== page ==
There are two main reasons that the Stahlhelm was considered such a revolutionary design and has been considered by some historians to be one of the most effective steel helmet designs of all time.
One reason is what it was designed to replace, and the other is how it was designed.
To understand these reasons, we need to understand a little bit more about history, and to do so, we need to go back to World War One.
Interesting fact: despite the fact that the Stahlhelm, in general, is seen as a WW2 German helmet, it was actually developed in 1916 and was in service long before the Second World War.
At the outbreak of WWI, the soldiers of main combatant nations were poorly equipped to face the onslaught of modern warfare. It is possible that some soldiers were entirely without helmets.
Others wore helmets that were hardly more protective, in the form of leather molded models. The Germans call theirs a Pickelhaube.
You probably recognize the design even if you don’t know it by name. The Pickelhaube was a boiled leather helmet with a spike at the top. It is iconic of the Prussian military and even more iconic of the Imperial German Military.
However, intimidating though it looked, and as effective as it was in weaponizing propaganda that dehumanized the Imperial Germans, it was particularly ineffective against modern ballistics.
Case in point: A massive number of casualties and fatalities along the western front in WWI were attributable to head wounds. Boiled leather helmets were just not cutting it in the face of a constant rain of shrapnel.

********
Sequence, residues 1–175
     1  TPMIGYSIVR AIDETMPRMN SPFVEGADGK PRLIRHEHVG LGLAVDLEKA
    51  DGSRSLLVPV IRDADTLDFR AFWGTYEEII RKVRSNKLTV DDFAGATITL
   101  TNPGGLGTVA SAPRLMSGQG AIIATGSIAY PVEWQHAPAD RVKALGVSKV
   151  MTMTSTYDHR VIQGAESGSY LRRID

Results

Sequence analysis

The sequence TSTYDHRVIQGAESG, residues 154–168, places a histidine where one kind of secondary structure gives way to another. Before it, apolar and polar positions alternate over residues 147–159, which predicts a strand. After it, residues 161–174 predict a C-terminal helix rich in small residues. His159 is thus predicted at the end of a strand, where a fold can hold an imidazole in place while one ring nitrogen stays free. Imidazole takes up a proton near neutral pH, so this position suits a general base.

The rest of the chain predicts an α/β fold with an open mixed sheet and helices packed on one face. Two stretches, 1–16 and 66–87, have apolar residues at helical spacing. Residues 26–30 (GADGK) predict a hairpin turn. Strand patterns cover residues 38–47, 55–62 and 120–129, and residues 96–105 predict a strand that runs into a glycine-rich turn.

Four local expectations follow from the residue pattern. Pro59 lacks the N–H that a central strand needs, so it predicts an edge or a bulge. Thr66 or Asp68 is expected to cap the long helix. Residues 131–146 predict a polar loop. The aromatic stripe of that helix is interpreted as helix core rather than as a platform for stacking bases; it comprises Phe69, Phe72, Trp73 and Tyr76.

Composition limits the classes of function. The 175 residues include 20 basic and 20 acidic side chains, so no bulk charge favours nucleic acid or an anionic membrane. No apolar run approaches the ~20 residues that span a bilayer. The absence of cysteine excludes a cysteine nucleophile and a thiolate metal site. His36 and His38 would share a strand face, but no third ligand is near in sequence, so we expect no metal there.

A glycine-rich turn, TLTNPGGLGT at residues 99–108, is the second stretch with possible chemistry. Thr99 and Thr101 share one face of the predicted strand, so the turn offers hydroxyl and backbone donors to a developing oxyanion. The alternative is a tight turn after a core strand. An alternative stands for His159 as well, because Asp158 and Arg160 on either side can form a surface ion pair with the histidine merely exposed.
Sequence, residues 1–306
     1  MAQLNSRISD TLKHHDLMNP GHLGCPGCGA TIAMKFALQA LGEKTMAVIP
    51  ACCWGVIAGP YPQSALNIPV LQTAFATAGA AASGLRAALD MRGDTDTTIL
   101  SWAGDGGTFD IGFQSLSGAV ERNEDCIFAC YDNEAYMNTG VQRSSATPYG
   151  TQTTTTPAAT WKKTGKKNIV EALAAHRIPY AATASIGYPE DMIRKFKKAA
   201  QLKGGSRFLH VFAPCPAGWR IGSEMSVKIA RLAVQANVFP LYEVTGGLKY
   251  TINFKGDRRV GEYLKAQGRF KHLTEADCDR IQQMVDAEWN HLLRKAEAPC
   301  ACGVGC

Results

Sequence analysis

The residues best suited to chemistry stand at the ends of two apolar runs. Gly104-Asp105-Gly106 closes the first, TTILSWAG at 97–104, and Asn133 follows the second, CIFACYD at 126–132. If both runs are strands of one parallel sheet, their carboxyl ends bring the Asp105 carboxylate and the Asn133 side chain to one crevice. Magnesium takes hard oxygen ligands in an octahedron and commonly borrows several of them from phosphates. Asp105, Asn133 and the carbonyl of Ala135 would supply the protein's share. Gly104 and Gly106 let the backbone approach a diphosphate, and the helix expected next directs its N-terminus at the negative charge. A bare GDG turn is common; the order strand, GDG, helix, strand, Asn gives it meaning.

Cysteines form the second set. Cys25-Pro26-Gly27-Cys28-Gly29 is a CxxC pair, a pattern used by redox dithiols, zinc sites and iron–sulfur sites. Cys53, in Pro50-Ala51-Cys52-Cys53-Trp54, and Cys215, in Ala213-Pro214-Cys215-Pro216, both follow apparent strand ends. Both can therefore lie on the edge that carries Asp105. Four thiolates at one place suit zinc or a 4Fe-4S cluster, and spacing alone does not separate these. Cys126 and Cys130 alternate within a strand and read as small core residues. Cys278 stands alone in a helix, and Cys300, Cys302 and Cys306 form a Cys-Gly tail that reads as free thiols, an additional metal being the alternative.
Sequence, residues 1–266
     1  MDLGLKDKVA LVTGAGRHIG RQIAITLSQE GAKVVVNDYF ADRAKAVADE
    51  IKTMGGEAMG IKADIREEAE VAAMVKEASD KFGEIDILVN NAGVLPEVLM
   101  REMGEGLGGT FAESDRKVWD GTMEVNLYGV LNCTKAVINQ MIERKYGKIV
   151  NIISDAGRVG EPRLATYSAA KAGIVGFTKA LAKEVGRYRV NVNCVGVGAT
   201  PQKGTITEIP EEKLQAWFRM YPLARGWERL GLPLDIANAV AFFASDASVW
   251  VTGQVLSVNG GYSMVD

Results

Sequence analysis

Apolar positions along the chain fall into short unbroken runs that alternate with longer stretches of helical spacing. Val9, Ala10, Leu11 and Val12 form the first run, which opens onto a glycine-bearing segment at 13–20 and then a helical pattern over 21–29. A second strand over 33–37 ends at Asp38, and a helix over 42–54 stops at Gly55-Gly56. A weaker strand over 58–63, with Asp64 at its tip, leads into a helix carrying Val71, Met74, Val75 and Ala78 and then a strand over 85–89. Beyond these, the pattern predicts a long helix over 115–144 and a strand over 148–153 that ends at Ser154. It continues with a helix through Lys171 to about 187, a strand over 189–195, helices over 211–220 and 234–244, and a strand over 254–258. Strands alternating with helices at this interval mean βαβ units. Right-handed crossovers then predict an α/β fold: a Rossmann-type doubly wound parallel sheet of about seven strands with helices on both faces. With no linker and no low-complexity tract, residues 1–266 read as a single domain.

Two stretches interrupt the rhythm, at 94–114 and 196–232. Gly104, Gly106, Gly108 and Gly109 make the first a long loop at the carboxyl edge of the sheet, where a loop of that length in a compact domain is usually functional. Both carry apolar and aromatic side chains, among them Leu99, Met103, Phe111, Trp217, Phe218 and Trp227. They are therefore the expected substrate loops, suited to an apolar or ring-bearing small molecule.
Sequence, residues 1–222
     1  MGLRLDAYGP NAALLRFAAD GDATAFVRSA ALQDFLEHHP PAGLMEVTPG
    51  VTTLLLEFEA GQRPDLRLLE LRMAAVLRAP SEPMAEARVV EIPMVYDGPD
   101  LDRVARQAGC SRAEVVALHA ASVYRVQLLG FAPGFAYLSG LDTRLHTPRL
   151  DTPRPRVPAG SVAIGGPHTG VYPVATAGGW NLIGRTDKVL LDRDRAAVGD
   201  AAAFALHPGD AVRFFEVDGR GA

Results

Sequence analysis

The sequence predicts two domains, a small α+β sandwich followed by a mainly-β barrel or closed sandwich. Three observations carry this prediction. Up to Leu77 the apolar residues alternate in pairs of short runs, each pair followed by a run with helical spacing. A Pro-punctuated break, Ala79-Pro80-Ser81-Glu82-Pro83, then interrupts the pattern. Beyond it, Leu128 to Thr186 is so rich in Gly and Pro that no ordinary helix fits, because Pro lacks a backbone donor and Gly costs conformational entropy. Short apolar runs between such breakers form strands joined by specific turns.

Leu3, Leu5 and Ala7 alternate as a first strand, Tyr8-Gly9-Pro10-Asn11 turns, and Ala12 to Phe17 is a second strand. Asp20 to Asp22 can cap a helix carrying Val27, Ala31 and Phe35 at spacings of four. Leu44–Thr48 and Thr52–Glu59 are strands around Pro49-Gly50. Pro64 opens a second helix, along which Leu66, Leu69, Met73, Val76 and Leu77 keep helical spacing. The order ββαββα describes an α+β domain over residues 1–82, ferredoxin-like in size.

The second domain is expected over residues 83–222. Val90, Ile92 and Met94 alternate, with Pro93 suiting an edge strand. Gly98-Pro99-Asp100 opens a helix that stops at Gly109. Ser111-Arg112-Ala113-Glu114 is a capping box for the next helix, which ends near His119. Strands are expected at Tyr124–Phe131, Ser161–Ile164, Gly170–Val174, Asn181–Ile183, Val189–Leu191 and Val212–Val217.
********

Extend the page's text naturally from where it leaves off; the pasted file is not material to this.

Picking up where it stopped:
The Germans were quick to take the hint and soon had decided that enough was enough. By 1916, they had designed and developed a new steel helmet to replace the Pickelhaube. This helmet was known, as could be expected, as the M1916 Stahlhelm.
That is the first reason that the Stahlhelm was such an effective piece of military equipment. It was a steel helmet that replaced a categorically inferior leather predecessor. Apparently, after the Stahlhelm was developed and issues, the incidence of fatal head wounds along the western front dropped precipitously.
But there’s more. It’s worth noting that the English and French were also quick to adapt to steel helmets, the English with their Tommy helmet and the French with the Adrian. Those helmets were serviceable, but there are a few attributes of the Stahlhelm that many experts believe have made its design superior.
The original M1916 had a long, wide visor at the front, deep protection at the temple and sides of the helmet, and a skirt at the back that swept down the nape of the neck.
Even in its earliest model, the Stahlhelm provided excellent protection to the eyes and forehead of German troops and the base of the skull and neck. It provided what some ballistics specialists consider to be excellent protection of the temporal and occipital lobes of the brain.
Later iterations like the M40 and M35 helmets, shortened the visor of the helmet and the skirt at the back of the helmet shell, making it more comfortable to fire a rifle from the prone position, further improving the ergonomics of the helmet. But one thing remained: the Stahlhelm WWII German helmet remained an excellent steel helmet that provided unprecedented protection to the face, head, neck, and brain.
It is still considered one of the best helmet designs of all time, now over 100 years since it was first designed and developed.
So where can you get one of these WW2 German helmets for your collection? From SARCO, Inc., online or in their shop. They carry a wide range of military collectibles, both original pieces and high-quality reproductions of combat helmets from World War II such as German helmets finished in authentic Feldgrau, or field grey.
Take a look through what they offer online at SarcoInc.com and get in touch with them at 610-250-3960 if you have any questions. You can also visit them in their shop at 50 Hilton Street in Easton, Pennsylvania.